Our last day in Korea was one of our busiest. We began at the Korean Church Centennial Memorial Building, built on the site of former mission housing, that is now home to both the PC(USA) Mission office and the Presbyterian Church of Korea General Assembly offices.
General Secretary Rev. Cho Seong-Gi greeted us as his staff gathered around a long conference table and in seats surrounding it for their morning staff meeting. Our time together began with a strong, Scriptural foundation, which Insik shared from Ephesians 4:1-6. I then added a confessional dimension by speaking of our common belief in the Nicene Creed, that we are "one holy catholic and apostolic church." That statement informs us as both the church in Korea and the church in the United States, as together we seek to make disciples, reach younger people, be faithful in mission, and maintain prophetic voices in our respective cultures.
Meeting with Rev. Cho and his senior staff, we heard him strongly emphasize that the seeds of the Presbyterian Church in Korea (PCK) were planted by missionaries from the United States 120 years ago. The PCK, which now has 2.7 million members in 7,800 congregations, also affirms a bold goal to double again by 2012. Rev. Cho helpfully suggested a consultation between their mission program leaders and ours, in order to learn from each other in areas such as evangelism, church development, Christian education, world mission and multicultural and migrant ministries. The latter is of particular importance, as Korea now has over a million migrants. He also urged that the Presbyterian Church (U.S.A.) continue to support reunification efforts – a theme we heard many places.
Our next visit - after negotiating very heavy Seoul traffic - was the Presbyterian College and Theological Seminary, which has a fascinating and rich history. In 1901, Samuel Moffett, a Presbyterian missionary, began teaching two students at his home in Pyongyang. In 1903, the Presbyterian Council decided to start theological education. On the wall of the large conference room in which we first met hangs a picture of the McCormick Theological Seminary graduating class of 1888, with Samuel Moffett, William Baird and D. Gifford, all of whom served and made a lasting impact in Korea.
Like the mustard seed in Jesus' well-known parable, PCTS, which began as the "smallest of all," has grown large by faith, and is now a gleaming campus of multiple buildings, with 3,000 students and faculty, including 1,000 in the seminary graduate school. The 2,500- seat chapel provides students a worship space akin to where many will serve in large Korean congregations. Generations of Korean leaders of the church and other institutions were educated at PCTS. Nurturing not only scholarship, but spiritual development as well, PCTS has a Spiritual Formation Center in a woodland setting that is attended by all of the seminary students early in their studies. Committed also to ecumenical formation and participation, PCTS has sisterhood relationships with 30 other seminaries in 12 countries, including several PC(USA) seminaries.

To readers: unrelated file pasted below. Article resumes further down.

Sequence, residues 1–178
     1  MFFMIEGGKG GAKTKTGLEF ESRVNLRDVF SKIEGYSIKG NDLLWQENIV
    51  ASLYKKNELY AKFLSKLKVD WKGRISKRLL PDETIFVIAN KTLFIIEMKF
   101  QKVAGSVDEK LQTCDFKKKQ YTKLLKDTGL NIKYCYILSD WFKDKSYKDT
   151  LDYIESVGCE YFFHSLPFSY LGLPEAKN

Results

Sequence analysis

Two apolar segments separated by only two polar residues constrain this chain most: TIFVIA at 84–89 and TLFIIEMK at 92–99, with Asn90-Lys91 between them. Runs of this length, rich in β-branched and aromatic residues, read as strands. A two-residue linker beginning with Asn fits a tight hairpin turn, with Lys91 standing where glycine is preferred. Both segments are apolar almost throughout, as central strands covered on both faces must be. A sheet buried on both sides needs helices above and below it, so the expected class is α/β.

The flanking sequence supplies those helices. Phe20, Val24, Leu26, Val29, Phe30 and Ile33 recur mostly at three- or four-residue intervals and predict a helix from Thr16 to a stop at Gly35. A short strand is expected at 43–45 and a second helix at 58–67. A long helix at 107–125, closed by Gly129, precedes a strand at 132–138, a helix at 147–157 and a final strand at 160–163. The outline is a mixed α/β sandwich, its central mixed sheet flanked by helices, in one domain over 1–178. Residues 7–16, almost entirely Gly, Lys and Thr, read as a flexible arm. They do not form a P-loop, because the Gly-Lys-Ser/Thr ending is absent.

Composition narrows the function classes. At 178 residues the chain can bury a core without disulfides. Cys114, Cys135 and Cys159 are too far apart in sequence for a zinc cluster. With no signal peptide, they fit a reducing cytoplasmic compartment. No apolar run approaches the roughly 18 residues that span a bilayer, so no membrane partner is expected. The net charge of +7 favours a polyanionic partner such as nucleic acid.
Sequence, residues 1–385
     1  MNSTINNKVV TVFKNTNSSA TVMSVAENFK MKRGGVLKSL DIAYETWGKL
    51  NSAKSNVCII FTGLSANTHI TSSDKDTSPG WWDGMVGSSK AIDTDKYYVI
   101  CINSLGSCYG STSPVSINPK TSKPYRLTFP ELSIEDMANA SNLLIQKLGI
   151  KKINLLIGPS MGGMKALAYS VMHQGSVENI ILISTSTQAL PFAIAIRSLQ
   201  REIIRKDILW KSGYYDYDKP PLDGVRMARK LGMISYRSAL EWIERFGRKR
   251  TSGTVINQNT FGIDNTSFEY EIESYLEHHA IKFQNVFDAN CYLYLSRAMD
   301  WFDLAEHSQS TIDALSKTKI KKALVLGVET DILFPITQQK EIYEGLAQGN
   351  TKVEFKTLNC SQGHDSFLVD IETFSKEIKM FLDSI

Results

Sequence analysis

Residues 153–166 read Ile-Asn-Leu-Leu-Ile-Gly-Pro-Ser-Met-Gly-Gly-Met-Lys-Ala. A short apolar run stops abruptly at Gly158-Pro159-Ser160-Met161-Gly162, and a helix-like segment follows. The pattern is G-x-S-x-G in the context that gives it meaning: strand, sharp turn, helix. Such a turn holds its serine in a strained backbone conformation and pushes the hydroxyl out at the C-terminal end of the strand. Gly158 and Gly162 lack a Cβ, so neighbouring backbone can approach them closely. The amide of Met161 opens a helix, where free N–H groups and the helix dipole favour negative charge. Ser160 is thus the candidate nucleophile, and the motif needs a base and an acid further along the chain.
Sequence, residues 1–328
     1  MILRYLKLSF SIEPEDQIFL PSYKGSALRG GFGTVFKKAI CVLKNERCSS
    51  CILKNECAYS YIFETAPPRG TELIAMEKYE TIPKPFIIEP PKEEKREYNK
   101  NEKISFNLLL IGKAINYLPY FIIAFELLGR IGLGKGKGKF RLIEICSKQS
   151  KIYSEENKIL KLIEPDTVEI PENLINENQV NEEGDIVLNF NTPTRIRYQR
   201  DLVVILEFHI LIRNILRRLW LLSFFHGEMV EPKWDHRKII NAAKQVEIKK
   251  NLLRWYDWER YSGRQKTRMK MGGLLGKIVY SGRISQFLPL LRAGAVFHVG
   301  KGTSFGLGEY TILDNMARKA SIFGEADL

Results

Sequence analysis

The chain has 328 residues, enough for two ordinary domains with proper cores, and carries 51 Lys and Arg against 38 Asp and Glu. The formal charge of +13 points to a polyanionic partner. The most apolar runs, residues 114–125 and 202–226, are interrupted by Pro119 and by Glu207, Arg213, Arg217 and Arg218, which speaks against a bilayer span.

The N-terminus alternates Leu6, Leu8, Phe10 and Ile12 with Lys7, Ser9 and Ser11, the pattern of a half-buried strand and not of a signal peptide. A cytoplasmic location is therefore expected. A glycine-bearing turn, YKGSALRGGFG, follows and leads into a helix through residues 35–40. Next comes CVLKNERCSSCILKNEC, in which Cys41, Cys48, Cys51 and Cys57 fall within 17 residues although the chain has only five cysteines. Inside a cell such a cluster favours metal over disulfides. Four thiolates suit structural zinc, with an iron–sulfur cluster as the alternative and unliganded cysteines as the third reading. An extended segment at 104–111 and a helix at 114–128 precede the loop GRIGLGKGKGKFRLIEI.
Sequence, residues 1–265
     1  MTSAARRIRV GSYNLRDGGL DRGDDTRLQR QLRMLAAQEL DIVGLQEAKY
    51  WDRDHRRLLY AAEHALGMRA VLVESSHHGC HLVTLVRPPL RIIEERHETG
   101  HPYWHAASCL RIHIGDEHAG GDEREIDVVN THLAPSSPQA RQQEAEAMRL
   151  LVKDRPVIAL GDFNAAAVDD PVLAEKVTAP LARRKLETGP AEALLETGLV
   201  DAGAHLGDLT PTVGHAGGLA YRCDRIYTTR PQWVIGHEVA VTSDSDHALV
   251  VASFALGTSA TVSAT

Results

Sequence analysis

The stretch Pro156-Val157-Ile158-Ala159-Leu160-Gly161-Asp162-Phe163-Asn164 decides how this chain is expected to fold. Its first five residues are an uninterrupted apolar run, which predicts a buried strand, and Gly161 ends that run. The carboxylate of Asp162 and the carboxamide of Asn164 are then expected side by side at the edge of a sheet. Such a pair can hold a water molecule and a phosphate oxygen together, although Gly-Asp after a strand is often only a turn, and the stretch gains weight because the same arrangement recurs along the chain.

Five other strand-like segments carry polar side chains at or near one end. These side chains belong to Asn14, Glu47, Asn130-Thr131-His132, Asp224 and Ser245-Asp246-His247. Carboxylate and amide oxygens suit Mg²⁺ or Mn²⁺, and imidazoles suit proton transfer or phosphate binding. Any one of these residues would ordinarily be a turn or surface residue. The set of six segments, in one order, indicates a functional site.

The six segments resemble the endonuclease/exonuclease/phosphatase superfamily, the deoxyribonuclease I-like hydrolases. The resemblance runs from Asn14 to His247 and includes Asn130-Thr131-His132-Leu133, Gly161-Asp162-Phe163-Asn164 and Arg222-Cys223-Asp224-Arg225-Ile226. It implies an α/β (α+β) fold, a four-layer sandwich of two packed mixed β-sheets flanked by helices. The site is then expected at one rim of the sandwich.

PC(USA) support has been critical to PCTS, including in recent years, scholarships for rural students, and the Presbyterian Women Birthday Offering, which helped the creation of the new Center for World Mission. “After 100 years of receiving support, it’s our turn to share our gifts with the world,” explained President Joong-Eun Kim, PhD. The mission of the Center for World Mission is to provide masters and doctoral level education for overseas students, particularly from developing countries.
From PCTS, we drove to another modern, impressive campus, Soongsil University. Soongsil was founded by Presbyterian missionary, William Baird, a hundred years ago, and now has some 13,000 students. We met in Baird Hall and a museum on the campus displays a large banner with his picture and words. President Hyo-Gye Lee is an impressive leader with tremendous charisma, who after a warm welcome, expressed deep gratitude for the institution's founding a century ago by Presbyterians and for the continued support that they receive from the PC(USA).
Insik estimates that over 100,000 students are currently enrolled in colleges, universities and seminaries founded - and supported over the years - by Presbyterians from the U.S. Soongsil University is Insik Kim’s alma mater, and both PCTS and Soongsil University (as well as other Presbyterian educational institutions) are the alma maters of many pastors who have served or are serving congregations in the PC(USA).
The profound impact of 36 years of Japanese Occupation of Korea, followed by the Korean War, was very much in the consciousness of the Koreans whom we met. U.S. Presbyterians have been important to Korea from the turn of the 20th century, through the bleakest of times into this new era of growth and prosperity. Great is God's faithfulness, and the faithful witness of the Korean people.